“We went in on Saturday evening and after a bit of monitoring they put the first round of the gel in and I think she probably did a bit of a stretch and sweep at that time and it was quite forceful, I’m sure something shifted after that. Six hours later they came back and they did an internal and said the cervix was opening up nicely so I wouldn’t need more gel and it was after that when I started having mild period-pain like cramps.

“I found it quite difficult to relax in a shared room at the hospital when I regularly had midwives coming to check me. I regretted not being more assertive in asking when I was going to be taken to the birth suite. By 4pm I got up and started climbing the stairs, hoping it would prompt active labour to start. It got to 8pm and by then I realised that I wanted Jamie there and I was starting to feel fatigued and I couldn’t talk through the contractions. It also didn’t feel like a warm and loving atmosphere and I knew I needed the oxytocin flowing through my body. I called Jamie and told him to come in and he arrived about 9pm. Two hours later the midwife asked Jamie to go home and that’s when he spoke up and requested we get taken to the birthing suite.

“When I got there I was 4cm so I was relieved that things were progressing and from there I laboured throughout the night. I had a tens machine on, I was trying to stay active and it just got a lot more intense and each contraction was very painful and difficult for me to work through. At 3am the midwife broke my waters and that’s when the pain really intensified. At 5am they started the syntocin drip but I literally contracted for twenty minutes straight and was in the most unbearable pain so they turned the drip down.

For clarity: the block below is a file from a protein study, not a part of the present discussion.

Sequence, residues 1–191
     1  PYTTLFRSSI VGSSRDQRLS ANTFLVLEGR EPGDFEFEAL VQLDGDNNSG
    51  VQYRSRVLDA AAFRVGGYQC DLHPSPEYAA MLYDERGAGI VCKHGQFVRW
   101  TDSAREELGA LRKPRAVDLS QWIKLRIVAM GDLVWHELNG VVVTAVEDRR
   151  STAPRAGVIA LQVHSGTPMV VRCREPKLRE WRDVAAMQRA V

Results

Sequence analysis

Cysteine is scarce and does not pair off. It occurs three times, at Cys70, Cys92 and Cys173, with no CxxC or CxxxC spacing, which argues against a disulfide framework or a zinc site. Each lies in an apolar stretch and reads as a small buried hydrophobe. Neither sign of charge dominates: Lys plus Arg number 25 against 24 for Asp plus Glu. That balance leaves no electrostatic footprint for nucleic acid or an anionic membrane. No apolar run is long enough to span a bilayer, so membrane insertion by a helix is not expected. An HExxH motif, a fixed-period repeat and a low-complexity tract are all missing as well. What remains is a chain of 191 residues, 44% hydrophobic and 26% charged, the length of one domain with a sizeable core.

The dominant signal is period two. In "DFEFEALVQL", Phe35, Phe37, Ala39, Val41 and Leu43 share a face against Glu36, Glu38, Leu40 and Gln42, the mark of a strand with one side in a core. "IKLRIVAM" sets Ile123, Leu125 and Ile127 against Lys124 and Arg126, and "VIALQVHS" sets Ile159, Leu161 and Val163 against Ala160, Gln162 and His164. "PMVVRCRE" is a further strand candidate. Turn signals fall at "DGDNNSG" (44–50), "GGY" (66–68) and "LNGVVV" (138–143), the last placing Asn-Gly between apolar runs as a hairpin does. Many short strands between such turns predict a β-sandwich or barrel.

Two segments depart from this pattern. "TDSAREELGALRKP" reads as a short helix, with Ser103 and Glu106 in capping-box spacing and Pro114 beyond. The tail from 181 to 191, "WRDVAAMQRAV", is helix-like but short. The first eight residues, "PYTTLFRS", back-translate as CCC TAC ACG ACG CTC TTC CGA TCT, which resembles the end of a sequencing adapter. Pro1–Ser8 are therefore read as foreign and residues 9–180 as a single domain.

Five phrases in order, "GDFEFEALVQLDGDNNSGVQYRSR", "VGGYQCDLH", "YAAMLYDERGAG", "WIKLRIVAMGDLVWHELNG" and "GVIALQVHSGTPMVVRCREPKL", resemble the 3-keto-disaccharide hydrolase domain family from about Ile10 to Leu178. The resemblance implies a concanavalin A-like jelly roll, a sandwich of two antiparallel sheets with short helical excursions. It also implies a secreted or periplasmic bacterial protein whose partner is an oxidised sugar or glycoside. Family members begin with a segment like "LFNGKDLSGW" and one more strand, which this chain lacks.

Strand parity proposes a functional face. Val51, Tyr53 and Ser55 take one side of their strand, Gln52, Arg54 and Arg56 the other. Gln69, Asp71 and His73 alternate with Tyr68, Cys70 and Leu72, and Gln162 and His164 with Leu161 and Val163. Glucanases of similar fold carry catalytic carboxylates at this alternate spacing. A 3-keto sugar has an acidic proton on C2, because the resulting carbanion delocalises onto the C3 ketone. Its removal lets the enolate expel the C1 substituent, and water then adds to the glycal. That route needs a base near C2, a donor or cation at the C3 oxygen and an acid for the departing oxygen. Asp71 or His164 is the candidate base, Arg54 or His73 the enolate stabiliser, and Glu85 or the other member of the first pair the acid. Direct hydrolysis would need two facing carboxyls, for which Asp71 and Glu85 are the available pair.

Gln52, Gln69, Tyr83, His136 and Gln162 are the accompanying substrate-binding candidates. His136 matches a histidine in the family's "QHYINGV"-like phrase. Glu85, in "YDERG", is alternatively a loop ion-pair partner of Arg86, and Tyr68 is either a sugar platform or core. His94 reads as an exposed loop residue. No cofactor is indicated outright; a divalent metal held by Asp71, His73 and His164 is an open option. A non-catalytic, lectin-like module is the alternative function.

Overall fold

Things got intense and at 5am they put the drip in but I literally contracted for 20minutes without a break so they turned the syntocinon down. I asked for pain relief and although I’d thought I would never have an epidural – because I wanted to feel it all, especially the pushing – I went ahead with it and all of a sudden I had this relief and the world came back into focus. I could see the people in the room, I could chat to the midwife who had been there for hours and I felt like I was going to be ok.

“People talk about the cascade of intervention and I knew it existed but it’s different when you’re in it. After the epidural I pushed for two-and-a-half hours and the doctors were concerned about the baby’s heartrate when I was contracting. They suggested an episiotomy and vacuum delivery. I was relieved but also shocked that my birth had been everything I didn’t expect from a medical perspective. They lifted Henry up on to my chest and I felt a huge wave of relief.

Jamie left a few hours later and I just remember the dread; I was all alone and I had no idea what to do. I got to the end of my labour which felt like such a marathon and it felt like someone lifted up a curtain and said right, you’ve finished that marathon and now it’s time to start the next.

After an anxious first night, Henry was taken to special care for 48 hours but after a slew of tests, was discharged without any diagnosis. Em admits that it was a tough birth made worse for the fact that she was alone for the first few days afterward. But nothing could prepare her for the challenge of the first few months without any village to rally around her.